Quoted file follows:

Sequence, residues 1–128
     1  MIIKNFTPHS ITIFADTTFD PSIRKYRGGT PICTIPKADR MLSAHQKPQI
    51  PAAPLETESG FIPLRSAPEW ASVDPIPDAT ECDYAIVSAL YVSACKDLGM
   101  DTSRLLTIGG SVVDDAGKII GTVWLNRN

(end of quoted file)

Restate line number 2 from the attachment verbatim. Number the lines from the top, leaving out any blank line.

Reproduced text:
     1  MIIKNFTPHS ITIFADTTFD PSIRKYRGGT PICTIPKADR MLSAHQKPQI